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Themes: Climate Change

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275 Search Results

  • Research

    The potential for agroforestry to reduce net GHG emissions in Scotland through the Woodland Carbon Code

    This research examines the potential of agroforestry to contribute to meeting greenhouse gas emissions reductions targets outlined in Scotland’s Climate Change Plan, and the economic viability of adopting agroforestry practices. It finds agroforestry has potential to sequester carbon and is generally financially viable, but benefits vary according to different factors.
  • Research
  • Publications

    Adapting forest and woodland management to the changing climate

    Lead Author: Gail Atkinson
    Our climate is changing rapidly, with milder, wetter winters, warmer summers, longer growing seasons and more frequent extreme conditions, including drought periods and heavy rainfall events. The projected rate of climate change is unprecedented and therefore action is essential now to improve the resilience of forests and woodlands, and to protect the benefits that they […]
  • Research

    Climate change and urban forests

    Can urban forests help cities adapt to climate change? Urban forests can both help reduce climate change and help urban society cope with its impacts. As growing trees remove carbon dioxide from the air, storing the carbon in their biomass, urban forests are an important part of our response to...
  • Publications

    Factsheet: Climate change and urban forests

    Lead Author: Kieron Doick
    Urban forests can both help reduce climate change and help urban society cope with its impacts.
  • Publications

    Factsheet: Climate change adaptation

    The changing climate is affecting our trees, forests and woodlands, how they grow and survive and the important ecosystem services they provide. For our forests and woodlands to thrive, adaptation measures must be considered carefully, and action taken. Ten measures to reduce climate risks and improve resilience are presented.
  • Publications

    Factsheet: Climate change and tree diseases (canker)

    Lead Author: Carolyn Riddell
    Canker-inducing pathogens kill the inner, living bark of trees resulting in poorer growth or mortality of affected individuals which limits their contribution to climate change mitigation.
  • Publications

    Factsheet: Climate change and tree diseases (Phytophthora)

    Lead Author: Debra Fredrickson Matika
    Milder and wetter winters, followed by increased spring rainfall, are likely to enhance the survival and infection potential of many tree pathogens. Hotter, drier summers leading to drought stress in trees will also increase their susceptibility to disease and expand the distribution range of some pathogens. The increased incidence and severity of diseases caused by Phytophthora species reduces the benefits that trees provide, including climate change mitigation.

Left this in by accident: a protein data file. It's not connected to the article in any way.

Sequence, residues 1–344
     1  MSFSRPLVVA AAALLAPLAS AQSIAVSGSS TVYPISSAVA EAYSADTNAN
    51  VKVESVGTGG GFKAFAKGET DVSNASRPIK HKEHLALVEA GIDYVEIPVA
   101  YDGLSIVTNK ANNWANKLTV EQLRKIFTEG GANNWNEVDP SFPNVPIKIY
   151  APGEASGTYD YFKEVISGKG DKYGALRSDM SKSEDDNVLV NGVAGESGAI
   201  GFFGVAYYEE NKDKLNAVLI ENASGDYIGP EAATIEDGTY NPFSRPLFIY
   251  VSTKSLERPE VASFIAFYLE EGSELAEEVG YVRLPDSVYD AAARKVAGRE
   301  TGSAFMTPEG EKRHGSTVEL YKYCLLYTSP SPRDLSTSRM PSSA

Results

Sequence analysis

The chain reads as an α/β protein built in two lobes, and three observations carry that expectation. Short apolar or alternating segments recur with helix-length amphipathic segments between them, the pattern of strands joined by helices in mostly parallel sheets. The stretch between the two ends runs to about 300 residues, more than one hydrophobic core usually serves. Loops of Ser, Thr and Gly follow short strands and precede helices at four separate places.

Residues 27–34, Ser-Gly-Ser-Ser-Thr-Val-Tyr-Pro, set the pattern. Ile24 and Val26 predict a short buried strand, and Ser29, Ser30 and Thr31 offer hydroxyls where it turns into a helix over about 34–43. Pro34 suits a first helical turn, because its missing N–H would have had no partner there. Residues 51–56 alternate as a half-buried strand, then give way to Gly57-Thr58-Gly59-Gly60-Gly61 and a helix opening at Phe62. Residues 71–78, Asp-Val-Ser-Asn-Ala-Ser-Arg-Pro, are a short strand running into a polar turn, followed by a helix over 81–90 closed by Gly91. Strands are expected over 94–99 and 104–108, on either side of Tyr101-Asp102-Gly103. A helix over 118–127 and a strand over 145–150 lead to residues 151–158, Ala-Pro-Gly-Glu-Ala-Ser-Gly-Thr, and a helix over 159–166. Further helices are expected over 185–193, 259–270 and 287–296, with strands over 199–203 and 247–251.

• Publications

    Threshold Response to Extreme Drought Shifts Inter-Tree Growth Dominance in Pinus sylvestris

    Lead Author: Tom Ovenden
    Many studies quantify short-term drought impact on tree growth relative to pre-drought growth averages. However, fewer studies examine the extent to which droughts of differing severity differentially impact tree growth or shape stand dynamics. Focusing on three droughts in high and low density stands of Pinus sylvestris in Scotland, we calculated pre-drought growth averages using […]
  • Publications

    Life after recovery: Increased resolution of forest resilience assessment sheds new light on post-drought compensatory growth and recovery dynamics

    Lead Author: Tom Ovenden
    Understanding the impacts of extreme drought on forest productivity requires a comprehensive assessment of tree and forest resilience. However, current approaches to quantifying resilience limit our understanding of forest response dynamics, recovery trajectories and drought legacies by constraining the temporal scale and resolution of assessment. We compared individual tree growth histories with growth forecasted using […]
  • Publications

    Comparison of the carbon, water, and energy balances of mature stand and clear-fell stages in a British Sitka spruce forest and the impact of the 2018 drought

    Lead Author: Georgios Xenakis
    Sitka spruce is the major conifer species in British upland forests and is predominantly managed as even-aged, single-species plantations with rotation lengths of less than 50 years using a “patch clear-felling” system. Evidence on the impact of clear-felling on the carbon, water and energy balances of plantation forestry is sparse and extreme weather events, such […]
  • Research

    Woodland Creation and Expansion – Programme 6

    This research aims to find out how to expand woodland cover in a way that maximises ecological and social benefits. The programme complements the other six programmes and follows collaborative principles to produce tools which support land managers, stakeholders and policy makers to increase engagement with woodland creation activities